Tuesday, January 13, 2009

Skills-Matching During Recessions and Implications for Lower-Skilled Workers

On the New York Times blog Economix (Explaining the Science of Every Day Life), Princeton economist Alan Krueger has discussed the US job market for college graduates (here). Krueger raises the point that underutilisation of highly educated workers' skills should be a concern during periods of recession. He bases this on the idea that employers tend to be more selective in downturns - "the job situation is likely to weaken considerably for less-educated workers as the downturn persists, however, because employers are likely to raise skill requirements."

Krueger mentions research by UCD economist Paul Devereux, which finds that “the education levels of new hires within occupations are higher when the unemployment rate is high and this effect is more pronounced in lower-paying occupations.” Paul Devereux's paper "Occupational Upgrading and the Business Cycle" (Labour, 2003) is available here. The paper concludes with the idea that low-skilled individuals suffer most from recessions in terms of occupation quality and unemployment.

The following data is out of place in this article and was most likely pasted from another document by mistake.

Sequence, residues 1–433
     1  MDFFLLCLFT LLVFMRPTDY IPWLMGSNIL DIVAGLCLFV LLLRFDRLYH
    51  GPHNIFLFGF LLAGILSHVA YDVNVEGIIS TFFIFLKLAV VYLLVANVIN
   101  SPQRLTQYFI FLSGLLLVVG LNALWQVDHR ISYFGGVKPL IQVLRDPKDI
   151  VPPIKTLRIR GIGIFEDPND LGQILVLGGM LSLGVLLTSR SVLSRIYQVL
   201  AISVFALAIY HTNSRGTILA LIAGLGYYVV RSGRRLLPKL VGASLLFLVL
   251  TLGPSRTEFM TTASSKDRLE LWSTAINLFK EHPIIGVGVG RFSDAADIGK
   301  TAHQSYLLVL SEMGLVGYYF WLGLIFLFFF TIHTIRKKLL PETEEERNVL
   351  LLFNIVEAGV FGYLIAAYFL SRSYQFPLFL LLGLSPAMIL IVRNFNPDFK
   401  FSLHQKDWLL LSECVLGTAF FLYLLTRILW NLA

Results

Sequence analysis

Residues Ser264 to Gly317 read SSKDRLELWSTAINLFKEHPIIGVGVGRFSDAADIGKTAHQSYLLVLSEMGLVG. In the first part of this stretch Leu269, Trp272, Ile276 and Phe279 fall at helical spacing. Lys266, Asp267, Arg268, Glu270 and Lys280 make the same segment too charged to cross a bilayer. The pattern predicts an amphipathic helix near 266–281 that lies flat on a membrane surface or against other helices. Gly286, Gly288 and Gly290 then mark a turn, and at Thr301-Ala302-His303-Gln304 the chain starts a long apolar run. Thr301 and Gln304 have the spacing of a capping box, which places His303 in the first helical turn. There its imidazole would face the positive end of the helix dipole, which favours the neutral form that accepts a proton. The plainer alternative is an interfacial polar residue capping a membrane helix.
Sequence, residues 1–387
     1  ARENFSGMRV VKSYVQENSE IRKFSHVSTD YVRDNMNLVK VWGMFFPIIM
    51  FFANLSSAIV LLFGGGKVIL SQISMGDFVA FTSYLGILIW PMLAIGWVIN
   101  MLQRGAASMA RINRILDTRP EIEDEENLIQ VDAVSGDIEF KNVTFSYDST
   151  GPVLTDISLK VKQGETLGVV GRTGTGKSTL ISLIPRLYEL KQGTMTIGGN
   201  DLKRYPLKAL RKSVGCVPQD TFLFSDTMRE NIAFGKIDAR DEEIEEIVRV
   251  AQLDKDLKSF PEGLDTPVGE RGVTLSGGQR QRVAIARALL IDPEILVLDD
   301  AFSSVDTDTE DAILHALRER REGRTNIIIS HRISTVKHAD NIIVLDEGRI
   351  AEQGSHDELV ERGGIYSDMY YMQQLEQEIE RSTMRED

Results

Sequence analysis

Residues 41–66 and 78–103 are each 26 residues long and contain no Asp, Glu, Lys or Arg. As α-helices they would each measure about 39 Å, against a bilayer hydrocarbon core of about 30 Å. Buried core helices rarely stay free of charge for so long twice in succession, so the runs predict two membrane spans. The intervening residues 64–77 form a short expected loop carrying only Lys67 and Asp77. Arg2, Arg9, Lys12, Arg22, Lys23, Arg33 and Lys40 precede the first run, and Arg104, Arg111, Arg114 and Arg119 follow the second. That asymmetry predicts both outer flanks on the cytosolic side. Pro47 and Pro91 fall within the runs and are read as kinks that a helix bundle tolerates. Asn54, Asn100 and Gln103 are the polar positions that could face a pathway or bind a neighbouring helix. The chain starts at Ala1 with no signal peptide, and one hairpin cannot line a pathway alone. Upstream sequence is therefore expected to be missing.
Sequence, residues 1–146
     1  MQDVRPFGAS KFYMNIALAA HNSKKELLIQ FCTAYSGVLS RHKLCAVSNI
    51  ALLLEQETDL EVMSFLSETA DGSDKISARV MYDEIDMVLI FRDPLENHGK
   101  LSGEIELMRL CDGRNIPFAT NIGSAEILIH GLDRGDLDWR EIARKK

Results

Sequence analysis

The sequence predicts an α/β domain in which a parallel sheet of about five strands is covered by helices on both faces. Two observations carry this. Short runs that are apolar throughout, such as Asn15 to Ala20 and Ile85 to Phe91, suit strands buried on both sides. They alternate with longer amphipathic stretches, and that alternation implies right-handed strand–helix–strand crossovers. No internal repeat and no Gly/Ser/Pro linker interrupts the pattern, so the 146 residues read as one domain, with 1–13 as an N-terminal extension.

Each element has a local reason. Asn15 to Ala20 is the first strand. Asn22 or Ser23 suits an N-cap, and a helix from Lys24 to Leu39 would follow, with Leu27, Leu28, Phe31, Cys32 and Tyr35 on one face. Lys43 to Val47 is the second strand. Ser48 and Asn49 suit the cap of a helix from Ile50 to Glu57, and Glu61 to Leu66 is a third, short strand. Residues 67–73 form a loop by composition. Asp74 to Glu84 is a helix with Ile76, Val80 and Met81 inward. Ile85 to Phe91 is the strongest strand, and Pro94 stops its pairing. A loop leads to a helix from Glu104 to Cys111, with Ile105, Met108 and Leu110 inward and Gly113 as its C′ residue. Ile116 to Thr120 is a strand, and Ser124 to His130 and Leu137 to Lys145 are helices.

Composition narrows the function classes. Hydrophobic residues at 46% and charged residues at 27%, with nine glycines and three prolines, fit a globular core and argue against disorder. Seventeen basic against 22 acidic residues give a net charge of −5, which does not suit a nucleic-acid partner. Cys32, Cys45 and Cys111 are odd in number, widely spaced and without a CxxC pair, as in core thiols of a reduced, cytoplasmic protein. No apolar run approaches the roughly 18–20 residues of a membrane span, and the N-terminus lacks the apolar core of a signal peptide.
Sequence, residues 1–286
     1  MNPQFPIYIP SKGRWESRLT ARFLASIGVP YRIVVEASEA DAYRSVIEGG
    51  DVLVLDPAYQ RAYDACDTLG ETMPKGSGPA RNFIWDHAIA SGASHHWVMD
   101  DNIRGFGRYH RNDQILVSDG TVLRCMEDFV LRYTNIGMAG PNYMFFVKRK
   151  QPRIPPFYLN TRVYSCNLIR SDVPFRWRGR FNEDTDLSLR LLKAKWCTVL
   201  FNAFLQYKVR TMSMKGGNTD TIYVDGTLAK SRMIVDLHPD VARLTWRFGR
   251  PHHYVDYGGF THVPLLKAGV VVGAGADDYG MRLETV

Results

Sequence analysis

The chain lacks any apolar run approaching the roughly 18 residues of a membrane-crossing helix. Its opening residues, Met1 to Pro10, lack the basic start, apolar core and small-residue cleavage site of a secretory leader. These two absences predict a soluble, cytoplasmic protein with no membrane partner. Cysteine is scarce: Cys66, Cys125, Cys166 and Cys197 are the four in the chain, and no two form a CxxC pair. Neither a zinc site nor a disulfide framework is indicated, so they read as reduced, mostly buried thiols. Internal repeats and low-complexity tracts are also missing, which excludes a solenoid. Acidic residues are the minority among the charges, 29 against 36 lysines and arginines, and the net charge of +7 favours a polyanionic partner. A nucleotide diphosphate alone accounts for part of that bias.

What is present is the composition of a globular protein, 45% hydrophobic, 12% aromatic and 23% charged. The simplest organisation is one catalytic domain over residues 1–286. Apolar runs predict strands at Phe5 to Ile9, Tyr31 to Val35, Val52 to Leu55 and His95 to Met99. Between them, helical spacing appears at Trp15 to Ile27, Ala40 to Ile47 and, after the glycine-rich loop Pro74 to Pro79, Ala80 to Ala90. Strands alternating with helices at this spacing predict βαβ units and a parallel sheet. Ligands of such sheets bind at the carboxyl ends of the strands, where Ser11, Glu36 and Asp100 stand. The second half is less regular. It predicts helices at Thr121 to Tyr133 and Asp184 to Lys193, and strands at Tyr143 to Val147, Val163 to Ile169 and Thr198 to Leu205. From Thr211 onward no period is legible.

Martin Ryan said...

Some interesting comments on Krueger's blog-post, courtesy of NY Times readers:

"Why would Starbuck’s, or anyone else for that matter, want to hire an overqualified person who will be looking for a “real job” from the start? Too many educated people assume that jobs deemed beneath them will be overjoyed to hire someone with a degree."

"There have been times when I have been out of work and couldn’t get any type of jobs, including fast food. Then I learned to lie on the application and stop my educational history at the high school level."

Liam Delaney said...

I wonder has anyone tinkered with this as a variable in those false cv experiments that are used to assess discrimination?

Liam Delaney said...

there was an add in the independent the other day looking for people to act as car sales reps in Iraq and Afghanistan.

Martin Ryan said...

But Dubai has been hit. East Asian migrants are finding it tough remitting:


And the Dubai property bubble has burst: